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A Perfectly Silly OS X Claim

So there was an article in a certain blog claiming that we are nearing the end of OS X as we know it. If true, that raises all sorts of fascinating possibilities about what Apple might do, and how Mac users might be impacted. Indeed, when I first saw the article, I expected to read speculation on future generations of the operating system.

Imagine how I felt when I discovered, instead, it was all about a name, about branding.

The logic is pretty basic. The operating system for the iPhone, iPad and the iPod touch is iOS. The operating system for the Apple Watch is watchOS and the operating system for the fourth generation Apple TV is tvOS. Indeed, when Apple was in danger of being forced by the courts to create an operating system that would allow the authorities to unlock an iPhone, they referred to it as govOS.

The upshot is that this article was all about rebranding OS X as macOS to keep with the prevailing style for other Apple gear. That’s all!

I could not help but feel disappointed. If anything, the new name would be the least of it. Rational, yes, but it wouldn’t change how it works, or the feature set. Instead, I had hoped to read suggestions on how Apple might flesh out the features of macOS and perhaps improve the ones that are already there.

That’s where there’s plenty of meat and potatoes (or whatever solid food you prefer). I can start with Mail, which remains foolishly ignorant of handling even ordinary account settings. So, yes, it’ll figure out the server configuration for such services as iCloud, Gmail, Outlook and some others. But it can’t begin to guess the proper setup for other email systems, even ones with “autodiscover” and “autoconfig” directives that should allow for automatic configuration.

Worse, Mail usually fails to automatically map local folders to server folders when you set up IMAP email. What this means is that the mail you send would ordinarily be placed in the corresponding mailbox on the email server and so forth and so on. It’s quite elementary, but Mail usually forces you to do it manually using the Use This Mailbox As command in the Mailbox menu for such options as Drafts, Sent, Junk and Trash. If you don’t follow this simple step, you may find that messages aren’t correctly synced, which is especially important if you check your email on different devices.

Despite the fact that I am not enamored of Microsoft Outlook for Mac, it usually manages to correctly map local to server mailboxes without manual intervention when you set up an account.

Another problem with Mail: If you want to change some settings, such as the incoming mail server, it has to be done in the Internet Accounts preference pane. The setting is grayed out in Mail’s preferences  Alas Internet Accounts only lets you adjust a few account settings, so you have to go back and forth between the two when you reconfigure an account. Does this make any sense?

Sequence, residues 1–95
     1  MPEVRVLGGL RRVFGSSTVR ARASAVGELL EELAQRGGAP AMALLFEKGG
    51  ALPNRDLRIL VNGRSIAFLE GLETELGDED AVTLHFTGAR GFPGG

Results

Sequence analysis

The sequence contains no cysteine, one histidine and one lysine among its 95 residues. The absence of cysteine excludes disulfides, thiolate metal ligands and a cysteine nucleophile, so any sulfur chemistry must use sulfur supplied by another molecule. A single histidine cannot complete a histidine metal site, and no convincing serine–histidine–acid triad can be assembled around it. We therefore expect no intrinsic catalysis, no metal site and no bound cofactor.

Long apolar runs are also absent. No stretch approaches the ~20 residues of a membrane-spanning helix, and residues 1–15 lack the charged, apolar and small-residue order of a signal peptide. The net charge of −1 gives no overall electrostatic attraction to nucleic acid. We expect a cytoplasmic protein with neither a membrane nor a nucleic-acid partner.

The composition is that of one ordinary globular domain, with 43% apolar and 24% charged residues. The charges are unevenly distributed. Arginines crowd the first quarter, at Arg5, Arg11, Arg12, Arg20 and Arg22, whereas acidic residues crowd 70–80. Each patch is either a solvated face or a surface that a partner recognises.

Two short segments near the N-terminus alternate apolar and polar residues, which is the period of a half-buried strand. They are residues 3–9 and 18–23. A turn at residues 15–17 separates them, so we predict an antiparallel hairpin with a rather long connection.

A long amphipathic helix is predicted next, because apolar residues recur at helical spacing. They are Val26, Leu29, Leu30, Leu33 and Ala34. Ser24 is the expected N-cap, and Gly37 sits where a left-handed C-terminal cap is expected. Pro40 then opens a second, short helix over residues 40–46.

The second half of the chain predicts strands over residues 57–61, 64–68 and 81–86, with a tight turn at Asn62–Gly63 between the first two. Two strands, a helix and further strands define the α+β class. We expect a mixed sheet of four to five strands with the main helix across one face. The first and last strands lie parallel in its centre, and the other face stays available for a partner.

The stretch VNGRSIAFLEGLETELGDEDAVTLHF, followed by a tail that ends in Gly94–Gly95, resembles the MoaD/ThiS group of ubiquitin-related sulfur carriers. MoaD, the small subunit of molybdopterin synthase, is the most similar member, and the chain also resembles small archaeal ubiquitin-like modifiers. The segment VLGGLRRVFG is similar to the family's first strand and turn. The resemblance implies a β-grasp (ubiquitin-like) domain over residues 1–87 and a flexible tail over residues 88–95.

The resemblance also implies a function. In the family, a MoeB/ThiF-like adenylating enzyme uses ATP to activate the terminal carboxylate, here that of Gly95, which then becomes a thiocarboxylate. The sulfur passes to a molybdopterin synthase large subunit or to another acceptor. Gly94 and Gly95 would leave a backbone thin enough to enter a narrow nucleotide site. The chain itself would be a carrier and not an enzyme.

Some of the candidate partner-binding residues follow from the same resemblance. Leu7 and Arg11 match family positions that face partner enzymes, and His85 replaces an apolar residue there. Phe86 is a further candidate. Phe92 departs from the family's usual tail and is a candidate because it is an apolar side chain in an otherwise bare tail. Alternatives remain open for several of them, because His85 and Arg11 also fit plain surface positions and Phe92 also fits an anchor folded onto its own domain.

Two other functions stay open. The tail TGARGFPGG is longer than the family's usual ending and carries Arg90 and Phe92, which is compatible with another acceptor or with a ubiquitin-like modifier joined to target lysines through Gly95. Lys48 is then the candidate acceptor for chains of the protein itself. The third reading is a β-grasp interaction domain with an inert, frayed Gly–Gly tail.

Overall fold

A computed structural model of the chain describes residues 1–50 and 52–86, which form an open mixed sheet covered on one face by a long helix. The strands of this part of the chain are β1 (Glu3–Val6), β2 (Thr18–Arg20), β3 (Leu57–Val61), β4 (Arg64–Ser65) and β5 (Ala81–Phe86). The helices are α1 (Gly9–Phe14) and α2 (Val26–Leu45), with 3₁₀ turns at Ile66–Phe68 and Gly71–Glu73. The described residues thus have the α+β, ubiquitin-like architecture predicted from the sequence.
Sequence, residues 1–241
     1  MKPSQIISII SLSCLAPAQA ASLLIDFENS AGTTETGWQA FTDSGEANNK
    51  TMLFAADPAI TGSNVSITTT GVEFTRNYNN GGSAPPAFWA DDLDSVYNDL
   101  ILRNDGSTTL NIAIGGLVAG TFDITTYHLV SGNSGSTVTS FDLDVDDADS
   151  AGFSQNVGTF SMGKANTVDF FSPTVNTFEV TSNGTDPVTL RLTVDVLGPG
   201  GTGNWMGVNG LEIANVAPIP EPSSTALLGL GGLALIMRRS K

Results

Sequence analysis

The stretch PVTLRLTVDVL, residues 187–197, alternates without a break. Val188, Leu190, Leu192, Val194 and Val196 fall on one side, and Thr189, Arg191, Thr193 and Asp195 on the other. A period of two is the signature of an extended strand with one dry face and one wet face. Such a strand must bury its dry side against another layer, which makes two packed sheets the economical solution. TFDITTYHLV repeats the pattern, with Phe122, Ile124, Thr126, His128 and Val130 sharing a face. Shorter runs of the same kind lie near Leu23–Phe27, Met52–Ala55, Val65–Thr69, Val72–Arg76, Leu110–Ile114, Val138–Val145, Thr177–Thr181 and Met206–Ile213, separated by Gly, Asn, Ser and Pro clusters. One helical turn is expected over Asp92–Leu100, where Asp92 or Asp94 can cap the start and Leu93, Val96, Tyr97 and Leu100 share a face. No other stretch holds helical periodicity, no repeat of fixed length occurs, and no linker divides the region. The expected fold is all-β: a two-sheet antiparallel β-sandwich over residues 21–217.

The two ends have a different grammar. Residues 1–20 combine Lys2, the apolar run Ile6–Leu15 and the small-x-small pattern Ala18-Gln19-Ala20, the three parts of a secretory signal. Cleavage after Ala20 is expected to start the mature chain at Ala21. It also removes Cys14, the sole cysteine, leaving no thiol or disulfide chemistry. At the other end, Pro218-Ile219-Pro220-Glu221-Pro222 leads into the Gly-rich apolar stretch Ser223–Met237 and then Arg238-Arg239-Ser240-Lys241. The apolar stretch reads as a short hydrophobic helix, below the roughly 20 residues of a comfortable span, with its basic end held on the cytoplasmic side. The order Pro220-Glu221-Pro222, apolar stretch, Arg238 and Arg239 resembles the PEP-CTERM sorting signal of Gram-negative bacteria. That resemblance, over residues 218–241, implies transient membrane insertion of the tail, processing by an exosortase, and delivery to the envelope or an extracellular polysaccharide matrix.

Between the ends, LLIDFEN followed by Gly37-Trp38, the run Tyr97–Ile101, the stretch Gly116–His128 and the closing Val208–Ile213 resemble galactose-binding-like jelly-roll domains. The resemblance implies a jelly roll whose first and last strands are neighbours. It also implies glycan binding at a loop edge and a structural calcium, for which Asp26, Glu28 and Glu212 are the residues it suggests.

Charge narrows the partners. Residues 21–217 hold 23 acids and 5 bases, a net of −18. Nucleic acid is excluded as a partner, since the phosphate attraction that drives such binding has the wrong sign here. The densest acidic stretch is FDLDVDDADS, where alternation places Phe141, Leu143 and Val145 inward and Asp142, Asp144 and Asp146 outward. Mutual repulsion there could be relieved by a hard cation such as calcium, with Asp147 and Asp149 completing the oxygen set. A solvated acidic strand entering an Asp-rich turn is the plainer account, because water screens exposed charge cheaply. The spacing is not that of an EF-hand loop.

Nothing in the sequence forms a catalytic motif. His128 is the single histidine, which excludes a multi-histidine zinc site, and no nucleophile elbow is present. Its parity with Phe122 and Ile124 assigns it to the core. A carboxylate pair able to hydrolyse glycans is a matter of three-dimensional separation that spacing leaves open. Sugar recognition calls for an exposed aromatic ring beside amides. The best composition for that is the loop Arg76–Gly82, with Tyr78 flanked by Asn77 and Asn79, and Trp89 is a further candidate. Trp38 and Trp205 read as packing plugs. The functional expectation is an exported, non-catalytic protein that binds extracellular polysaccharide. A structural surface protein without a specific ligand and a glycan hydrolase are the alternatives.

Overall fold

Yes, it’s nice to be able to annotate an email, and to send attachments of up to 5GB regardless of the limits of an email system. But more attention needs to be made to existing functions that remain incomplete or buggy.

I could go on and on about Mail. It is usually fast and fairly reliable, but little feature glitches such as the ones I’ve mentioned prevent it from being the best of the breed. So whether future operating system versions are branded as OS X, Mac OS, Mac OS X, macOS or whipped mashed potatoes, Mail still needs work.

How Apple handles the next version of OS X becomes more important because the lid will be off in a little more than two months, when the 2016 WWDC is held. As per custom, you’ll no doubt learn all about the new OS for Macs, i-gear, and perhaps Apple Watch and Apple TV. Developers will get early access to betas — which will later go public — so they can bring their apps and other products in line to exploit the new features.

Whatever name Apple chooses, the real question is how OS X will change. Will the looks be further refined, will it take on more iOS features. Indeed, will it be another major feature refresh, or will more efforts be made to shore up reliability. Clearly El Capitan hasn’t received a lot of love from Mac users even though it was supposed to be the refinement release that would only have a small number of new features and enhancements.

Just sitting back and going feature by feature to see what’s missing and what can be improved, without doing a lot that’s altogether new, would make for a compelling OS upgrade. Indeed, iOS could use some fixing as well. Mail for iOS may be a tad smarter than Mail for Mac, but not to a large degree. It needs work too.

So an article focusing strictly on naming conventions was hardly worth reading.